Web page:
Last week California gave final approval for TPC Harding Park to use recycled water on the greens instead of potable water.
Potable water refers to the stuff we drink and cook with, meaning perfectly clean water has been used all this time in making The City’s crown-jewel public golf course stay green.
Plans to make The City’s golf courses more environmentally-friendly started in 2003 when the North San Mateo County Sanitation District built a new facility to produce recycled water.
Until now, though, the facility provided water only to irrigate the Olympic, San Francisco, and Lake Merced golf courses — all extremely expensive and exclusive private golf clubs.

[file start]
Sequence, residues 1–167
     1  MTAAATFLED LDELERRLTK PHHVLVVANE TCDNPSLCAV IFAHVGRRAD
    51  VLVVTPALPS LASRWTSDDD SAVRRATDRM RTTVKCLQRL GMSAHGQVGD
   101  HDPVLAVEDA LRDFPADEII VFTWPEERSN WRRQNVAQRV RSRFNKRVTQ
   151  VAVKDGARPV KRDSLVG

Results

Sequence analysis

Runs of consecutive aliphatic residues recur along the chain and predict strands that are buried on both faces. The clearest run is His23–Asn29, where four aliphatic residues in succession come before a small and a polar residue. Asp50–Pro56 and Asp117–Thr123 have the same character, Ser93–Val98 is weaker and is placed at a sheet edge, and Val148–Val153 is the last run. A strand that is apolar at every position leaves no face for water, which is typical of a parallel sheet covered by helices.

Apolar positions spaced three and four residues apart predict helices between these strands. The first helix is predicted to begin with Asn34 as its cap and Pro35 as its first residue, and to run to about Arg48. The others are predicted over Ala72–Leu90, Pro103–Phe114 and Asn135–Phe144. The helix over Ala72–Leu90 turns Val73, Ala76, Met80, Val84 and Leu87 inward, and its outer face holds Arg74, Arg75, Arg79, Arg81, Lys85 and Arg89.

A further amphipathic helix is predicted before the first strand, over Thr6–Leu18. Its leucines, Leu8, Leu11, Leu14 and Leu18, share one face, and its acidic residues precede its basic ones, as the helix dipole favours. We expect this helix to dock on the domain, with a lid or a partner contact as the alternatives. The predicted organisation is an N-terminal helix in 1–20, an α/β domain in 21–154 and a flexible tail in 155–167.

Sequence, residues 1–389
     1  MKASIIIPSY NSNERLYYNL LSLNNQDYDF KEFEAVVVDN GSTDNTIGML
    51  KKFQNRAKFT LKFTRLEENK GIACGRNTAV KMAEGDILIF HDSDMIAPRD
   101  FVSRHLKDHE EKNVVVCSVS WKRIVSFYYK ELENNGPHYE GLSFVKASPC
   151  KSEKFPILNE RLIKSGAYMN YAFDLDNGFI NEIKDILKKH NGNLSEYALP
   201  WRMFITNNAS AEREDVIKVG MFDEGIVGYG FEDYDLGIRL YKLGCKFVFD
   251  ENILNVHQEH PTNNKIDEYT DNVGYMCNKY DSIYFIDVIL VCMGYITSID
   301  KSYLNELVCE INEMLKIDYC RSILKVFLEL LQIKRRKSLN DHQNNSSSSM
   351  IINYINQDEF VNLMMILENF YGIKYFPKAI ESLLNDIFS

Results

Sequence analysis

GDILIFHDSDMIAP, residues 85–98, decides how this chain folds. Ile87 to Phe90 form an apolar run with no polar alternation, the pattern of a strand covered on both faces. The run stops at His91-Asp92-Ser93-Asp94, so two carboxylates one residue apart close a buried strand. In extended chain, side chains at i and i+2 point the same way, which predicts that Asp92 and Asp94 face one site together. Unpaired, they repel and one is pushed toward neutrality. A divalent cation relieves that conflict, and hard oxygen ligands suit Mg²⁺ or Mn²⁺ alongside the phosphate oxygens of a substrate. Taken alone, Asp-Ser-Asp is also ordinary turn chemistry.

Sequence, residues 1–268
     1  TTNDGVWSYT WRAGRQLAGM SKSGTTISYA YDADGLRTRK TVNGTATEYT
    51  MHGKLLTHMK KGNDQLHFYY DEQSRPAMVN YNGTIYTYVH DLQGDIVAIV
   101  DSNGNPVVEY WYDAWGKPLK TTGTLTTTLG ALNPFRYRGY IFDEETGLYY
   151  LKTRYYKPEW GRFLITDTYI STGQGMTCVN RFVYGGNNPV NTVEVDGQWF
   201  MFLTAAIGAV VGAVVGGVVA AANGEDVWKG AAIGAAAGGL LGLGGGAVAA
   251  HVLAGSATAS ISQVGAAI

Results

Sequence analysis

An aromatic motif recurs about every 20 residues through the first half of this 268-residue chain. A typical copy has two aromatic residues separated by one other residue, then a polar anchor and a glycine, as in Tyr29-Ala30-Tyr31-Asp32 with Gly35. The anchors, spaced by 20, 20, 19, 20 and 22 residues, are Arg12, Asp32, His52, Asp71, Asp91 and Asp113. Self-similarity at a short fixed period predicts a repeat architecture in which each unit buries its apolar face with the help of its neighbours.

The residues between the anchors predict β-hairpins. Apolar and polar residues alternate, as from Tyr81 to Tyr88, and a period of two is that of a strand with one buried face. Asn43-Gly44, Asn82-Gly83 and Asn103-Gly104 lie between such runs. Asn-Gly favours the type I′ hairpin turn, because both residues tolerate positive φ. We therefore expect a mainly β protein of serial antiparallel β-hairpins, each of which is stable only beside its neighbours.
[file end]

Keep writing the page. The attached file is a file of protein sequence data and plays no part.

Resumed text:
Adding the 175-acre Harding Park course to that list isn’t a problem because, currently, the facility produces upwards of 2.8 million gallons of recycled water daily, but customers use less than 1 million gallons of it.
Additionally, the San Francisco Bay Regional Water Quality Control Board built an underground storage tank at the course that can hold up to 700,000 gallons of recycled water. The project also included installing approximately 4,800 feet of pipeline along Lake Merced Boulevard.
Prior to Harding Park’s approval to use recycled water, the course used water from the Hetch Hetchy system.
SFPUC spokesman Tyrone Jue told SF Examiner of the Harding Park project:
“It is the first in a long line of recycled water projects in The City.”